However, it has been claimed that the Recovery Alliance is an umbrella organisation that brings together lockdown-sceptic MPs with the UsforThem campaign group. Reports say that both groups are being advised by Westminster lobbyist Ed Barker, a former parliamentary candidate for the Conservative Party.
UsForThem has raised thousands of pounds through crowdfunding and called for schools to reopen earlier. It is now campaigning against giving COVID vaccines to children – claiming there are “unknown harms” and that “novel vaccines fast-tracked to market have in the past caused devastating harm”.
The Recovery Alliance has also been linked to a campaign group called Believe In Vaccines, which called on the government to use the vaccine rollout to guarantee “permanent immunity from Covid-related lockdowns and restrictions”.
As well as benefiting from the unregistered Recovery Alliance, the Conservative CRG has received several other donations, made via Baker. In total, they amount to almost £30,000.
The register of MPs’ financial interests shows that this includes a £4,500 donation from a private equity firm called Risk Capital Partners LLP.
The business was co-founded by Luke Johnson, the former chair of Patisserie Valerie, who previously admitted he considered fleeing the country after the café chain uncovered what it called “potentially fraudulent” accounting irregularities. Five people were arrested and questioned in relation to the allegations in 2019.
The CRG has also received £15,000 from Matthew Ferrey, a former senior partner at oil company Vitol, who has donated hundreds of thousands of pounds to the Conservative Party.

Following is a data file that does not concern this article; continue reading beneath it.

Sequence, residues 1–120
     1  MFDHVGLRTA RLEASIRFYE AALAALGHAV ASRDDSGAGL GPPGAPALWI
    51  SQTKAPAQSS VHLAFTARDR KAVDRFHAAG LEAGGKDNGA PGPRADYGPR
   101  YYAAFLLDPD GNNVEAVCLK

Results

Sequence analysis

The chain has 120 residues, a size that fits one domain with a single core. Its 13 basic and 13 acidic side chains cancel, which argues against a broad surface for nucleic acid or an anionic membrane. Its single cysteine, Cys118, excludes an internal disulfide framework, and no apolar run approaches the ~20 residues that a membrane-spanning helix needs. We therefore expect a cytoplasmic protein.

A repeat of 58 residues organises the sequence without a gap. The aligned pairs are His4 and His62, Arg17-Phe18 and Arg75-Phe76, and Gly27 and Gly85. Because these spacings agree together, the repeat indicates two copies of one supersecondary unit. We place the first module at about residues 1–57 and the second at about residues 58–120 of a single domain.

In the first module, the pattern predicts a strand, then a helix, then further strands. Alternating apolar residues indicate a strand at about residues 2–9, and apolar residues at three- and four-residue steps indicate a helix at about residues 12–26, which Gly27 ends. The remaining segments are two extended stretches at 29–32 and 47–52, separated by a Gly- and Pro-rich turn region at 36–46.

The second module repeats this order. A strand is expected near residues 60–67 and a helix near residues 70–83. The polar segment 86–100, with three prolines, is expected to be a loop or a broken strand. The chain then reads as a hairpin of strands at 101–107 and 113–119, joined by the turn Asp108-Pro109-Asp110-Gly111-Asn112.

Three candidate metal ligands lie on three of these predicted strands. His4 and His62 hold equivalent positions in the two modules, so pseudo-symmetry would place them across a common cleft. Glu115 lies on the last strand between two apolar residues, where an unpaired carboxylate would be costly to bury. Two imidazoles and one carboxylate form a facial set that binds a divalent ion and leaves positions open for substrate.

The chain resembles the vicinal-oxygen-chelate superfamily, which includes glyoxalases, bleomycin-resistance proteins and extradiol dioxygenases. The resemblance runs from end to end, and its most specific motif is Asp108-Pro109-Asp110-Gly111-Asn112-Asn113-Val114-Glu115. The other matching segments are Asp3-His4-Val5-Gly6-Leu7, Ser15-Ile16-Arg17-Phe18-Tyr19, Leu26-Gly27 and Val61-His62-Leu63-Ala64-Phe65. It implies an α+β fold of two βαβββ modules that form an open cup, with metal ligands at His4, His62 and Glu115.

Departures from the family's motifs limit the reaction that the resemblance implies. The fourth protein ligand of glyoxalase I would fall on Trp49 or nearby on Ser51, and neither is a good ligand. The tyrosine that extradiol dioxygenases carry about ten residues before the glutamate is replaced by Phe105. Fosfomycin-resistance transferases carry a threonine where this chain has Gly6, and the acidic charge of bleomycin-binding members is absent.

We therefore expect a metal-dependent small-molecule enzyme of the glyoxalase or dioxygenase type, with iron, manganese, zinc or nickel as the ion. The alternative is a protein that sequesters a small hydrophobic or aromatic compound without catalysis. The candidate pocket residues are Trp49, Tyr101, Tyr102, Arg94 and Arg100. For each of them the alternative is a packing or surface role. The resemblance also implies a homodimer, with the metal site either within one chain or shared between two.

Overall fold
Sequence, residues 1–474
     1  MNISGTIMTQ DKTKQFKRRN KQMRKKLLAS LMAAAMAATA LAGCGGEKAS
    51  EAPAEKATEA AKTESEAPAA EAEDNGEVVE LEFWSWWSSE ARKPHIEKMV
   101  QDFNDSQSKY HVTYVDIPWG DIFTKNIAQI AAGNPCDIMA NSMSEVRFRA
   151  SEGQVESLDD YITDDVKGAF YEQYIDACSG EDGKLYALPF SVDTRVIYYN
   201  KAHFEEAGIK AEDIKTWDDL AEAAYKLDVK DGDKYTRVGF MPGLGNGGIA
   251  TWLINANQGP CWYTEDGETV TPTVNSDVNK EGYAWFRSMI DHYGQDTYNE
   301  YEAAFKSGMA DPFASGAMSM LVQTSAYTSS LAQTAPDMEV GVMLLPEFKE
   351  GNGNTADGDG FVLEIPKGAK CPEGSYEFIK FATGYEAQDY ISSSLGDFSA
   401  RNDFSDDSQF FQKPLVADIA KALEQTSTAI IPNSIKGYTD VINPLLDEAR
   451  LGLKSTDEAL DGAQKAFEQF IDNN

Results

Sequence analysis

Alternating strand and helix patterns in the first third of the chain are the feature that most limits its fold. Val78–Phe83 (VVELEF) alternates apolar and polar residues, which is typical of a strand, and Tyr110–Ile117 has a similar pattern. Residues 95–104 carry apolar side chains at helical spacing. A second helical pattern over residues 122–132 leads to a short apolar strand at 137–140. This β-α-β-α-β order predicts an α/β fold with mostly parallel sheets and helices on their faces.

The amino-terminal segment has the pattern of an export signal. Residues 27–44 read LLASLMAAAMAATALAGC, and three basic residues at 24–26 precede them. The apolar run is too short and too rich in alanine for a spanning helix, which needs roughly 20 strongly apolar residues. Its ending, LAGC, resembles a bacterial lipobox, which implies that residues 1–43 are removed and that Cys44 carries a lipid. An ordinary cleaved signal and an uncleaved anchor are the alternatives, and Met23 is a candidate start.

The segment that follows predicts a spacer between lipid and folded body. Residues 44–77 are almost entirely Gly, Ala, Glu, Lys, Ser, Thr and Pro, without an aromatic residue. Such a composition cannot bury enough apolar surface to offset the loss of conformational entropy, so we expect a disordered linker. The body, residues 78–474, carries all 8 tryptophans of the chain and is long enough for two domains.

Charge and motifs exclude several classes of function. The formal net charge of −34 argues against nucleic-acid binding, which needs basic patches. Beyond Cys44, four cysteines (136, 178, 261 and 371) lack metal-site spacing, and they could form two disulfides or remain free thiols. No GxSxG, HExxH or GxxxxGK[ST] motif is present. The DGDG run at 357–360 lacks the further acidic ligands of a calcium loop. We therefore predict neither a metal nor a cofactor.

‘Giant hole in the sieve’
The Electoral Reform Society has previously warned about unincorporated associations “potentially masking many separate donations through a single entity”, and pointed out that they have “few legal reporting requirements”.
Jess Garland, director of policy and research at the Electoral Reform Society, told openDemocracy: “Unincorporated associations are another giant hole in the sieve that is Britain’s party funding rules, letting ‘dark money’ flood into our political system.
“There is a glaring lack of transparency that only fosters distrust and – often justified – fears over who is secretly steering our political debate.
“Voters have a right to know who is influencing our politics. It’s time for transparency and openness, to fix the rot and restore faith in politics.”
Steve Goodrich, head of research and investigations at Transparency International UK, also criticised the role of unincorporated associations in political donations, saying there are “too many dark corners for donors to hide”.
“It is far too easy to evade the rules on donor disclosure through the use of murky unincorporated associations. Despite reforms a decade ago, it is still nearly impossible to learn who is really making political contributions through these secretive clubs.
“To bring dark money out of the shadows we should have greater sight of all political donations worth over £500.”
openDemocracy has contacted Baker for comment.